The year that I turned 30, a beautiful lady by the name of Layna took an electric needle to the inside of my right wrist and tattooed the words "Be Brave". I wanted these words permanently drawn onto my body because as the sun set on the last day that I would be 'in my 20's' I wasn't thinking about all that I had accomplished, I was thinking about all of the regrets that I had.
I made a list on the back of a discarded receipt of all the things that I wanted to do before I turned 31, and before the clock struck midnight I made a pledge to myself, that I would say yes to all of the things that scared me.
So, when one of my friends asked me if I wanted to audition for a 1970's cover band, I sad "yes" even though it terrified me so much that I had a mild panic attack; I have been singing my heart out with "The Susie French Connection" ever since that audition, and it is one of my greatest joys.
When I was asked if I wanted to submit a painting to be shown along side some of my most favorite artists in Atlanta I couldn't believe that my lips and tongue said "YES!" whilst I felt the sweat beads form on my forehead; But I was so proud to walk into General Assembly in Ponce City Market and immediately see someone taking a photo of MY artwork. (Thanks, Ray) It was such a thrilling feeling and so encouraging that I kept making art afterward, every day; not for anyone, just for myself.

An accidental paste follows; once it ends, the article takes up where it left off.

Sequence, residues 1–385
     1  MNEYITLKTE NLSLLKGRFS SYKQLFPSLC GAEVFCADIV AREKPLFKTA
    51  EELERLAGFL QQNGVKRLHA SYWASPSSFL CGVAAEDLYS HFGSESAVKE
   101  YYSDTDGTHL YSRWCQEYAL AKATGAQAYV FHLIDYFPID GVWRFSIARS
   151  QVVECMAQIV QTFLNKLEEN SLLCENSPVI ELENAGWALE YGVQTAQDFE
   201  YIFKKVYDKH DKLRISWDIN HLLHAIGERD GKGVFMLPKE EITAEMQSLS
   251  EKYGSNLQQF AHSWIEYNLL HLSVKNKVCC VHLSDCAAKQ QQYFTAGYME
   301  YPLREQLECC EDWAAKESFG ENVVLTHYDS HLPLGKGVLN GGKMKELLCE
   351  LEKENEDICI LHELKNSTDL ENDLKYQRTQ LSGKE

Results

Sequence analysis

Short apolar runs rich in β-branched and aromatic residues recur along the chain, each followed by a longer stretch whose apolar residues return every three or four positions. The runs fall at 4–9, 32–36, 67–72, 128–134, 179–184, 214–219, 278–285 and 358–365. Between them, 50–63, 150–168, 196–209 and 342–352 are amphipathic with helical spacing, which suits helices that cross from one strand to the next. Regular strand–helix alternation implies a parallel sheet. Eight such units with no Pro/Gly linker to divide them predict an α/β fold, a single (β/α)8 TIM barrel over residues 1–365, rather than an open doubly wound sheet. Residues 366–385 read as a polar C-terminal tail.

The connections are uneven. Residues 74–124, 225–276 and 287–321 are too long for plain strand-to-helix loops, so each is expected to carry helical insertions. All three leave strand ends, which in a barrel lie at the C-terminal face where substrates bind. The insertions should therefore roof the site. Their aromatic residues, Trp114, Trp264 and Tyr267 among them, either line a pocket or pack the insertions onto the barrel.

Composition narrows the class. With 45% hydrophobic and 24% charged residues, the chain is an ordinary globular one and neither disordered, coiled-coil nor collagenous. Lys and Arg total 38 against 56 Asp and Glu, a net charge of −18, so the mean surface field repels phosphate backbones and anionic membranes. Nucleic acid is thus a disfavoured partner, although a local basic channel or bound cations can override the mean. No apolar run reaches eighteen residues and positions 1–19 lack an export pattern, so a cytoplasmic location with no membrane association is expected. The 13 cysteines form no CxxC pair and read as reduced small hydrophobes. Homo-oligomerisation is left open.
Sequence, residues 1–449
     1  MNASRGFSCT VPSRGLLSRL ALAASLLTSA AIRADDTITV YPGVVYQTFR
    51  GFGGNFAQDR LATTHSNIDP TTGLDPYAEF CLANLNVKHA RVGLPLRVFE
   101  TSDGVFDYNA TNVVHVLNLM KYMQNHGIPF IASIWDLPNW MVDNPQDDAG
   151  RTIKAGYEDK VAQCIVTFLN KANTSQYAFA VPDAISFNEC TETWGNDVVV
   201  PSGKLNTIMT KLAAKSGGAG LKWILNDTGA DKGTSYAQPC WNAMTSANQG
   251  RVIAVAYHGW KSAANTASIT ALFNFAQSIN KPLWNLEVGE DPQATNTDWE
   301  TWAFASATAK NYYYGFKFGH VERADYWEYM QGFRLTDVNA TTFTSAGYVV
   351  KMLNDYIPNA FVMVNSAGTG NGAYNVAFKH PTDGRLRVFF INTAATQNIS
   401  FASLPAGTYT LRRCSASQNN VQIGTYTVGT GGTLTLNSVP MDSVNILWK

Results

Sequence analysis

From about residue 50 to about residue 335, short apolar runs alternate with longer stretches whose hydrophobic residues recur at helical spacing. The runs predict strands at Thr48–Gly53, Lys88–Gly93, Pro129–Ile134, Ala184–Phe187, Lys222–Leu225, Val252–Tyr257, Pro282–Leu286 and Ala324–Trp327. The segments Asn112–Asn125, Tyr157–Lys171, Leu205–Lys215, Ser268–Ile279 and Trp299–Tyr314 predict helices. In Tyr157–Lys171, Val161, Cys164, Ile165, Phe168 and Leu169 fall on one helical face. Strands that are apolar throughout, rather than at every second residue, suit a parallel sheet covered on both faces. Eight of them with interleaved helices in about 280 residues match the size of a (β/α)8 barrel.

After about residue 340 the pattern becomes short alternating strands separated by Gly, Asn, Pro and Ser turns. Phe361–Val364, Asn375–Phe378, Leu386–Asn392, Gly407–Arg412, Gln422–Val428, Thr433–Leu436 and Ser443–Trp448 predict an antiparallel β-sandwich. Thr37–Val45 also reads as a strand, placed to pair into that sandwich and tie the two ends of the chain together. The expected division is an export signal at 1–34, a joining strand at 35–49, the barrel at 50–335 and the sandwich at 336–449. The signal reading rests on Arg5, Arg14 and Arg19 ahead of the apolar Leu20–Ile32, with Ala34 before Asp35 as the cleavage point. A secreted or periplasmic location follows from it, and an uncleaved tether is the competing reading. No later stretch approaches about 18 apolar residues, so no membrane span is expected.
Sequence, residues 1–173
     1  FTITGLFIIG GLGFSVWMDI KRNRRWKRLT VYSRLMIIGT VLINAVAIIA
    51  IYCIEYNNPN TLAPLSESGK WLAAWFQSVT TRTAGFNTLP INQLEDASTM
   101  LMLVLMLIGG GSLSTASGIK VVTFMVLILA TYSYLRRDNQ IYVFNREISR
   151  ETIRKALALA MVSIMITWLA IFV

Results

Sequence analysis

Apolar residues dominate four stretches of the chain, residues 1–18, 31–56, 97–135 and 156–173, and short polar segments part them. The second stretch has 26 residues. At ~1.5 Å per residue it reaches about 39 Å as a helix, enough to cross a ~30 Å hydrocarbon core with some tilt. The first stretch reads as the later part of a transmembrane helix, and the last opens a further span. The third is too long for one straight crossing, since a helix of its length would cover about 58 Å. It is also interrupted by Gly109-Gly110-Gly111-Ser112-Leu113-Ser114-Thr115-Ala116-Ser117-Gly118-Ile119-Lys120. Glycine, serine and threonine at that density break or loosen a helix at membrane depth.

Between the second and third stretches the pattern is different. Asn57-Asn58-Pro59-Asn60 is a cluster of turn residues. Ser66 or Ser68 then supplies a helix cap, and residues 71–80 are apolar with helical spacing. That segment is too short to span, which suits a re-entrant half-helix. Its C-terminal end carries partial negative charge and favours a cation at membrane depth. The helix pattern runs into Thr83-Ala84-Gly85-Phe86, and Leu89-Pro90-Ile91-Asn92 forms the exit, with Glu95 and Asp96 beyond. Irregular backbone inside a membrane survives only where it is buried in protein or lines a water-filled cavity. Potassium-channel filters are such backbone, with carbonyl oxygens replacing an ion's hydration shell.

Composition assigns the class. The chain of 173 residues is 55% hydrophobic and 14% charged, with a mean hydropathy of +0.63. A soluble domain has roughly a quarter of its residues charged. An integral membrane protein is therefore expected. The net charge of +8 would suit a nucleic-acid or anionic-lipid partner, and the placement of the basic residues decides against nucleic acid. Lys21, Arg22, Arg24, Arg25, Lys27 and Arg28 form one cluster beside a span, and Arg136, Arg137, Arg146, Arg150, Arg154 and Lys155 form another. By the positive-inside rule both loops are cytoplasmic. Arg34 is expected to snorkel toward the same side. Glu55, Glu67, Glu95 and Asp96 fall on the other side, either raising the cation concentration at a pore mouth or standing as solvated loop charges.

When I was 29 I ran into one of my favorite Instagrammers at a coffee shop and I felt so awkward that instead of just saying “Hi, my name is Lynne”, I left…without my cappuccino!
I kept thinking about that day over and over because it seemed so silly. Why was I afraid to talk to them? Because I think they’re too awesome to acknowledge me? Because I think they won’t like me? Because they’re actually a unicorn? (side note it was Courtney Pilgrim, who is now my friend and I can tell you that she might actually be part Unicorn, so at least that was a legit fear)
So, anyway, to avoid another moment like the coffee shop failure, I decided that I would reach out to some women in Atlanta that intimidated me because of my admiration for them. I would write them all a letter to tell them how much I admired them from afar and ask them if they wanted to hang out with some other creative, business-minded women and expand their social circle. Do you want to know something awesome? THEY ALL SAID YES. Every one of them. And 2 1/2years later I can tell you that it was one of the best decisions I ever made.
Being Brave was working.
“Lynne Paints the Ladies” happened because, honestly, I have had a shittastic year. My entire world has been flipped upside down, personally, professionally, you name it. But the most magical thing that has happened over this tumultuous time is that I have had my friends rally for me. They have inspired me to pick up my broken heart and get moving, get inspired and get working again.
The women that I have met in Atlanta have made me better.
They have inspired me, healed me, taken my picture to show me how beautiful I am through their eyes, they tag me on motivational quotes on Instagram, text me just to find out how my Wednesday is going and let me know that they are there for me if I need a hug, a drinking buddy, or advice on how to write this blog post (thanks, Kelley).
Through “lynne Paints the Ladies” I want to celebrate the Atlanta ladies that I adore. I want to explore what it means to be a creative woman and I want to keep adding amazing ladies to my tribe.
I invite you to email me lynnepaints@gmail , reach out to me on Instagram @lynnepaintstheladies or if you see me on the street say “Hey!”, I want to meet as many inspiring women as I can and share their stories.
Much love, Lynne